A letter was recently submitted stating that abortion is a constitutional right. Nowhere in the Constitution, nor any other founding document for that matter, is there given a right to murder. The Declaration of Independence states, “We hold these truths to be self-evident, that all men are created equal, that they are endowed by their Creator with certain unalienable Rights, that among these are Life, Liberty and the pursuit of Happiness.” Life is what the founders of our nation considered a constitutional right. And this right applies to an unborn baby in the womb.
I know that it took a while for those who wrote these documents to have their practice catch up with what they believed (as with slavery and women’s rights) but catch up they did. Today, minorities and women have more freedom in this nation than almost anywhere else. Is there still more to be done? Absolutely!
But back to the issue of abortion. The problem is this has become a political issue when it is, in fact, a moral one. Life begins at the moment of conception. Science now bears this out. And a baby in the womb needs the same protections as a bald eagle in the egg. We don’t need more abortions, we need more support for women who find themselves in a difficult situations. Let’s spend the millions of dollars on that and become a nation that holds life in high regard.
Justice Alito’s opinion is based on the fact that the right to abort is not mentioned in the Constitution. Guess what, no womens’ rights, either natural, such as the right to abort, or political, such as the right to vote, are mentioned in the Constitution. But every state that ratified the Constitution allowed a woman the right to abort — as a natural right.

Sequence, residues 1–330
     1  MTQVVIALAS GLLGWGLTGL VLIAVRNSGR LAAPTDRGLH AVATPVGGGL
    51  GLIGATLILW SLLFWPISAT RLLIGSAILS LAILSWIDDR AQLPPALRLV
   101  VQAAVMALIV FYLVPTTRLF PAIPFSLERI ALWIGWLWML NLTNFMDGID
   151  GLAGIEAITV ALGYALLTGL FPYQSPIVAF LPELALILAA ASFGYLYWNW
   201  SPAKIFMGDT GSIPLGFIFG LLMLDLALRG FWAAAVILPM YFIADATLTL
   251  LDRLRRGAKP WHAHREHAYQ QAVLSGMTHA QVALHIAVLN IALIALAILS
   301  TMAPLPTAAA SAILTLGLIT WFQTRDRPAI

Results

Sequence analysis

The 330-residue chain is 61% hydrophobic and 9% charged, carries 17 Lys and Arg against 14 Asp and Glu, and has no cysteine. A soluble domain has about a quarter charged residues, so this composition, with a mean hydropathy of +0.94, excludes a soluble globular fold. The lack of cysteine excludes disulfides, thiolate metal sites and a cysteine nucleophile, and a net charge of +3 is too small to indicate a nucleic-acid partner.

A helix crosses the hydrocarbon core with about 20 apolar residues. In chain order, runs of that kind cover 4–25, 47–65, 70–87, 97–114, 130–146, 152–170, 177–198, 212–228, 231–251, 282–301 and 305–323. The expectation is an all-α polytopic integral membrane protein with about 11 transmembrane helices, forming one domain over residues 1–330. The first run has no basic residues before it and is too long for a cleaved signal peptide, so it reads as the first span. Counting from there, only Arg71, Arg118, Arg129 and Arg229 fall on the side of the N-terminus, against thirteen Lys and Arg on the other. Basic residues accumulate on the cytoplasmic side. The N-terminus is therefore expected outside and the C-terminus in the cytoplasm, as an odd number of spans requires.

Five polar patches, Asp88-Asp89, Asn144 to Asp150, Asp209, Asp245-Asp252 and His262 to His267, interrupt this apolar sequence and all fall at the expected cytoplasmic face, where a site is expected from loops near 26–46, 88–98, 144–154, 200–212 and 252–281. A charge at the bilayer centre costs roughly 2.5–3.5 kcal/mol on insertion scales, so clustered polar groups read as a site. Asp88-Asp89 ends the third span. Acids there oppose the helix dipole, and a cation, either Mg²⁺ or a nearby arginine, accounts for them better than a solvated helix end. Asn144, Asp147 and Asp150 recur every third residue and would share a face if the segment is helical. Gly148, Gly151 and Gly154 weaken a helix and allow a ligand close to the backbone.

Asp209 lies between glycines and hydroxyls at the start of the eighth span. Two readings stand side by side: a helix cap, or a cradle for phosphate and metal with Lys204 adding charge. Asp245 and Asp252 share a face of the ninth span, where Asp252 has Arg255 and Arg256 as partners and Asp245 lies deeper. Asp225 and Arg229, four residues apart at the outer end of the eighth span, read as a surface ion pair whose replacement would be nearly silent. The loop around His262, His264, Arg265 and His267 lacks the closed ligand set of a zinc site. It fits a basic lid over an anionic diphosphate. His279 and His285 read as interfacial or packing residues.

Roe vs Wade was argued in Texas by Texas lawyers in front of Texas judges. When the Supremes upheld the Texas trial court, they not only tossed out Texas’s abortion law, but all state abortion laws as being unconstitutional for one profoundly simple reason: The Constitution does not prohibit abortion.
ONEONTA — About 100 people gathered in Muller Plaza at a rally for women’s reproductive rights Saturday, Oct. 2.
The rally coincided with the Women’s March happening across the country as thousands marched in support of Roe v. Wade.
The event featured music and speakers as well as pizza and lemonade.
The looming issue throughout the rally was the harsh Texas anti-abortion laws barring abortions at six weeks and offering bounties to anyone who turns in a person who had an abortion or assisted with one.
Marti Swords-Horrell, a minister at the First United Methodist Church, said she has been a minister for 39 years and came out in support of reproductive health.
“We believe in social principles on every topic you could think of,” Swords-Horrell said on the stance of their church, stating that birth control and abortions “should be available to everyone no matter if you’re rich or poor.”
“It shouldn’t be dependent on anyone else,” Swords-Horrell said.